MIT Students Who Hacked Boston Subway Silenced; Report Gets Out Anyway

By Andrew Moseman | August 11, 2008 1:36 pm

SubwayThree MIT undergraduates who found weaknesses in the fare cards for Boston’s subway system had planned to give a talk about their work at a hackers’ conference in Las Vegas this weekend. But on Friday the Massachusetts Bay Transit Authority sued the students and MIT to stop the speech, and on Saturday morning a federal judge slapped the students with a 10-day restraining order to keep their mouths shut.

The MBTA said that they needed time to investigate the student’s claims, and if they were true, to try to correct them before sensitive information got out via the students’ slide show presentation. One slide explains that the presentation would teach attendees how to generate fare cards, reverse engineer magnetic stripes on cards and hack radio frequency identification (RFID) cards. The next slide says: “And this is very illegal! So the following material is for educational use only” [AP].

Zack Anderson, one of the students in question, said he and his colleagues contacted MBTA to talk about their findings so transit officials could figure out how to respond. “We felt like the issue was resolved. That was verbally affirmed in a Monday meeting. Then Friday we find out there’s a federal lawsuit against us” [Boston Herald]. The students also said they planned to leave out key bits of information that would’ve allowed people to steal free subway rides.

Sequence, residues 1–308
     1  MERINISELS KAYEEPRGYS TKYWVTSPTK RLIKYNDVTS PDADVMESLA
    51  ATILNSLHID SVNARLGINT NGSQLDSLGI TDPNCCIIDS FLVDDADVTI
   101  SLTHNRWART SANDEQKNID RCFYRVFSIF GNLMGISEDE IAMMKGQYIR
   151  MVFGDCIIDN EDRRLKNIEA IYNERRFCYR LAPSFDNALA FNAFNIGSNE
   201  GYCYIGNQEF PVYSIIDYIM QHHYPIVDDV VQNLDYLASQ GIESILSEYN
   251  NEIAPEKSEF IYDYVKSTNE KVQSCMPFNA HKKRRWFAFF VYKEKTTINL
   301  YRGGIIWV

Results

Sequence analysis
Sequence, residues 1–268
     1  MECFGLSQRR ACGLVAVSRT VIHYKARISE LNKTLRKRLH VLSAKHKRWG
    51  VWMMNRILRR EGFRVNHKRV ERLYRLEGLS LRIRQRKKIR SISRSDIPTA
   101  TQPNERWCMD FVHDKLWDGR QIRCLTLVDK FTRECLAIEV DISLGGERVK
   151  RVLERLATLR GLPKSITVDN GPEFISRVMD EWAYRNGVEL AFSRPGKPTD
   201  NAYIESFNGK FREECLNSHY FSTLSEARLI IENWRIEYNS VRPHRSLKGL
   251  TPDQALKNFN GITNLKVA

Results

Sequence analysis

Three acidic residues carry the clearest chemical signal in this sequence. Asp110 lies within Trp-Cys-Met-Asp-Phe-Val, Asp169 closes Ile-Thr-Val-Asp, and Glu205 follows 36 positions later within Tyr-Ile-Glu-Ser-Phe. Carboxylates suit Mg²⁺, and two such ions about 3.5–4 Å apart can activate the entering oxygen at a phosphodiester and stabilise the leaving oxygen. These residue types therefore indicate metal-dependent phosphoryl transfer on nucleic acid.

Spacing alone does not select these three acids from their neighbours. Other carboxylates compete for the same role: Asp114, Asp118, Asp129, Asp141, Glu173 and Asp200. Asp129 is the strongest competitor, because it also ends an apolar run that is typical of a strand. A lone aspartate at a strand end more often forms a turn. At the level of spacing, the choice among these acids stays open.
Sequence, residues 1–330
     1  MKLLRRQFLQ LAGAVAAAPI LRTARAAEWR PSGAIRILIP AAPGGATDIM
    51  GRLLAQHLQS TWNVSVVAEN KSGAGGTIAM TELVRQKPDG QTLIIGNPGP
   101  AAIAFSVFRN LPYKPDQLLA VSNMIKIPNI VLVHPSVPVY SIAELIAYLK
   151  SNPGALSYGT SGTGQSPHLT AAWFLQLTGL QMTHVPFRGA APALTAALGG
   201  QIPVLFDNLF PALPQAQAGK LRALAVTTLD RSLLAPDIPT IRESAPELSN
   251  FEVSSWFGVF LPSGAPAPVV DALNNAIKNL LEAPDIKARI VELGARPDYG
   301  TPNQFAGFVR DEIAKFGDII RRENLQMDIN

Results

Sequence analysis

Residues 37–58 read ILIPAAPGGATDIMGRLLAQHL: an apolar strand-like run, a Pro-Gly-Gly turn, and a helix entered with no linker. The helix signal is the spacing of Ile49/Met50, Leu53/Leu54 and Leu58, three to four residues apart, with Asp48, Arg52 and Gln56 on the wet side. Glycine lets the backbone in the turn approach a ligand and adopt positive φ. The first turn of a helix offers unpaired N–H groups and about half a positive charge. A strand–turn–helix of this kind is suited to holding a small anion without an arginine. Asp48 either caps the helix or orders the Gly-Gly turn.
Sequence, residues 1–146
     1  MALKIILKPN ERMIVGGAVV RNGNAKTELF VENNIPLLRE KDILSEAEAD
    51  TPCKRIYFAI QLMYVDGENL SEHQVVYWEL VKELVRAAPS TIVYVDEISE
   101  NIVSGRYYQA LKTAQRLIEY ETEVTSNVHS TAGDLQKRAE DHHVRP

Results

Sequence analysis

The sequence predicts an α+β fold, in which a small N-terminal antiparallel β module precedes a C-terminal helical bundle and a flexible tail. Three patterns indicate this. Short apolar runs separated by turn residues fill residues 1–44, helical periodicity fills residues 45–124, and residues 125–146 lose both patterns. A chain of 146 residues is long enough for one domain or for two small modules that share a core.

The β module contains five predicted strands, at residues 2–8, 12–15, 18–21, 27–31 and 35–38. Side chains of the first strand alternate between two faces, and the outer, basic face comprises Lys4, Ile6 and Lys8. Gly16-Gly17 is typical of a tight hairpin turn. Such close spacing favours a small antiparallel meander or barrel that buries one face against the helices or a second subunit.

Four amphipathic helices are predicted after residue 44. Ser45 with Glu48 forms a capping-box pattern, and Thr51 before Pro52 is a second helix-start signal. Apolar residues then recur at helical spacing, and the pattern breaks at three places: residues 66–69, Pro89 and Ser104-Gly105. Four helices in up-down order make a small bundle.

The case took a couple more turns over the weekend. An Internet civil liberties organization called the Electronic Frontier Foundation took up the students’ case, saying the judge had erred in allowing a gag order. The students missed their speaking time yesterday thanks to the restraining order, but EFF says it plans to keep fighting the injunction.

In the end, the MBTA likely brought more publicity to their woes than they ever would’ve received if they’d just let the students be. In a declaration to the courts, the MBTA publicly released a “vulnerability assessment” they received from the students on the day of the lawsuit, which seemed to defeat the whole purpose of suing the students to begin with: Ironically, the document reveals more about the vulnerability in the MBTA system than the slides that the restraining order sought to suppress contain [Wired]. (You can read it here [pdf]). And if you were curious about the slide show, The Tech, MIT’s student newspaper, published it online [pdf] for all to see.

Image: flickr/SignalPAD

CATEGORIZED UNDER: Technology
  • Charles

    Ever since the MBTA filed the lawsuit which put the vulnerability assessment into the public domain, I’ve been more interested than ever in how CharlieCards and CharlieTickets work. The MBTA brought far more publicity to their grave vulnerabilities than the talk at DEF CON would have. The MBTA made a poor legal and business decision to stop the talk.

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